Ups and Downs
The University of Salford Rocket League team have had the highest highs and the lowest lows so far this season. After an outstanding performance in the University Rocketeers Winter Cups, one of Salford’s star players “BjayB” had to leave in order to pursue a full time job, which left the team a bit discombobulated. Freshman “Arton” stepped up to take BjayB’s spot next to players “Jiggi” and “Keude.”
The new trio did incredibly well after qualifying for the Group Stage, winning 7/8 of the series within their group. However, their performance didn’t carry over to the Playoffs, and they suffered a devastating 4-0 sweep at the hands of Nijmegen in Round 5 of the Lower Bracket. They still had another chance to qualify for CRL Worlds through the Last Chance Qualifier, though, which they took full advantage of. Things were looking bleak for Salford when they lost 3:4 to Hamburg in the Upper Semi-Finals, but they clutched their way through the Lower Bracket, making it all the way to the Lower-Bracket Final for a rematch against Nijmegen. The series was incredibly close, but Salford were able to exact their revenge and pull out a 4:3 victory to qualify for the World Championship.
Humble Beginnings to Admirable Winnings
I got the chance to speak with Salford’s coach WIlliam “saff” Saffhill, who provided some interesting information on the background of the team and their performance so far this season. I first asked saff how he and his team met, to which he replied: “Me and Arton met in college in 2018 on the same course and we happened to have a similar crossover of friend groups without knowing each other personally. We have been friends since and we came to Salford and lived together for multiple years. Arton met Jiggi during our freshers try-outs in 2020 for the Rocket League team and started on the second team together playing in NSE and NUEL league play. I at the time had retired from Rocket League, however living with Arton I saw how the Collegiate Rocket League was progressing and I wanted to load up the game again and get involved. We had heard that Keude was going to join Salford during summer 2021. He was a dominant player in the high school scene with a lot of potential and when he joined us he hit the ground running with some dominant performances in the Winter Cups.”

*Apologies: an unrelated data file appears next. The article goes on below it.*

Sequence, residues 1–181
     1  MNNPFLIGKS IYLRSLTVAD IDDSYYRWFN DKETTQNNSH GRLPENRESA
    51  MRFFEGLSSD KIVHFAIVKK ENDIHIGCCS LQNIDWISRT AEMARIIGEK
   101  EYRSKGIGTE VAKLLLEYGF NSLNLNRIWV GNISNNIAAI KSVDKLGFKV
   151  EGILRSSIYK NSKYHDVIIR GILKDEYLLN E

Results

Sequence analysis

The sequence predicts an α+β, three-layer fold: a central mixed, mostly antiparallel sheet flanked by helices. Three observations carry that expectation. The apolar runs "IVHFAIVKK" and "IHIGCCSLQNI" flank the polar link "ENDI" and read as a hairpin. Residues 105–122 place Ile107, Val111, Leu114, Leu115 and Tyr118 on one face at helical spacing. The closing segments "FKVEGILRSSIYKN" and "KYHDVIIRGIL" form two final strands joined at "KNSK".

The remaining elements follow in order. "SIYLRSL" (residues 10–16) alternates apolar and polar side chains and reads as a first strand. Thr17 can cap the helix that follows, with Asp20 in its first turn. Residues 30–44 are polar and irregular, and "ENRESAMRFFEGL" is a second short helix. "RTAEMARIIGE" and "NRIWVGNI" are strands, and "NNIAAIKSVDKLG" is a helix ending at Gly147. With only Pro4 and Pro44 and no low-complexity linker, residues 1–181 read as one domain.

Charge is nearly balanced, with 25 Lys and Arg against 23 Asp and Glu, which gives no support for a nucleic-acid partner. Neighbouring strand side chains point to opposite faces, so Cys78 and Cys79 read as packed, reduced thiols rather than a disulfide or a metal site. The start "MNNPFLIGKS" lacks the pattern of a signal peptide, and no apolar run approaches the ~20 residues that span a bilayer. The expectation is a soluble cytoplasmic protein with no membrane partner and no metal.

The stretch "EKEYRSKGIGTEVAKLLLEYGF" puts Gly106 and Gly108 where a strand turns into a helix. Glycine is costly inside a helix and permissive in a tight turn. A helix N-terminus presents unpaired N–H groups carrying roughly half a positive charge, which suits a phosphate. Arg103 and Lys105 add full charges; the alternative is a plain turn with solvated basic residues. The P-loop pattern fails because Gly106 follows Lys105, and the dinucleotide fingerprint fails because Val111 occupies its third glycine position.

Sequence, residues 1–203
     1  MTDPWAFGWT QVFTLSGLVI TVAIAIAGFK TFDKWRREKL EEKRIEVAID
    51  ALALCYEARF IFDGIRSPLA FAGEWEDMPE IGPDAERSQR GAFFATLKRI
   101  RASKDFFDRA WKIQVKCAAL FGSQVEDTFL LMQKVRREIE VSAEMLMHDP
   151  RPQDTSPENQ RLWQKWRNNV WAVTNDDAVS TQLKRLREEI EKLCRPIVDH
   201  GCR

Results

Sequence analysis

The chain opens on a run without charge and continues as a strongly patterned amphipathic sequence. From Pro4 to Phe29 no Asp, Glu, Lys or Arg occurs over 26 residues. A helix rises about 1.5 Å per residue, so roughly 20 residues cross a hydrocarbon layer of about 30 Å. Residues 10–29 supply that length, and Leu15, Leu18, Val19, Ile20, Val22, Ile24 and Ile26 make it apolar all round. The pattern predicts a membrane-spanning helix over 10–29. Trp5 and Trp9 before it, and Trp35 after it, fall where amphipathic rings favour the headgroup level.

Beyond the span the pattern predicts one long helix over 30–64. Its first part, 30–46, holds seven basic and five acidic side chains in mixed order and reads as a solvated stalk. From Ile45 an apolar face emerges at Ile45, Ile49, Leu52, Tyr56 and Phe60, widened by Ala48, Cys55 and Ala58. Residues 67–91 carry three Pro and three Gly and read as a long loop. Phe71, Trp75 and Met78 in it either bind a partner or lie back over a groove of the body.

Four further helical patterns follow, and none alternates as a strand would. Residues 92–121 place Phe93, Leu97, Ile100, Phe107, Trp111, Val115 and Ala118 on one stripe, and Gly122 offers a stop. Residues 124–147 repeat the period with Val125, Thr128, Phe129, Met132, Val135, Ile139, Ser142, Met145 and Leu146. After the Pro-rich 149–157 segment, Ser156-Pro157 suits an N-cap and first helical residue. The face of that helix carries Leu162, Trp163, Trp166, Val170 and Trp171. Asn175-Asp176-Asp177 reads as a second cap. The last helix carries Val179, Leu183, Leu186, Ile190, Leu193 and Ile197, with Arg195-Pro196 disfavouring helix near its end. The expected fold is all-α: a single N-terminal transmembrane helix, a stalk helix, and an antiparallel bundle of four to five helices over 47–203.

Bumps in the Road
When I asked saff what Salford’s biggest challenge has been this season, he told me: “This season has been tough for us, there has been many times where we have had to use subs and with BJayB leaving less than 2 weeks before CRL was announced and EURC started, we had to rebuild the team and play style with Arton as the third. As such we had a poor couple of weeks during EURC finishing 7-8th after an almost perfect run in the groups.” Losing and replacing a member so abruptly is sure to take a toll on a team’s performance, but Salford seem to have adjusted pretty well accounting for their performance in the Group Stage and LCQ.
Preparing for Worlds
I wanted to know what Salford have been doing to prepare for Worlds since their qualification in the LCQ. Saff told me: “In all honesty, the run up to worlds has been hectic, with it being the heat of exams season in the UK we haven’t had enough time to really prepare as much as I’d like. We had played RLCS regional 1 together back at the end of April and are only about to have our first scrim since.” It’s unfortunate that the team hasn’t had much time to improve together, but it’s important that Collegiate players hold academics as their highest priority to ensure a successful future outside of esports.
When I asked saff if he can give any information about the future of Salford’s esports program, he shared: “I have many aspirations of what we may be able to achieve, I am hoping to be able to help setup the future of Salford Esports with the inclusion of a field leading Esports course and the ability to offer prospective students scholarships and more. In the near future we would like to open an esports centre.” Esports centers give dedicated spots for teams to play together and can help improve chemistry, so if Salford could acquire one that could be a game changer for their teams. Scholarships could also help them gain more talent, improving their program overall, so these would be smart additions if saff can pull them off.
Teeming with Talent
To close our discussion, I asked Saffhill to give me a fun fact about Salford’s Rocket League program. He told me: “The only fun fact about Salford would probably be how small our society is compared to the talent we have, the Rocket League Society consists of only 8 people with the lowest rank being GC2. As such we have only been able to field one team this split.” Salford have been able to achieve a lot despite their size, and it’s important to recognize the hard work that both saff and the players have put in to get to where they are now. Good luck to Salford on the World Stage!
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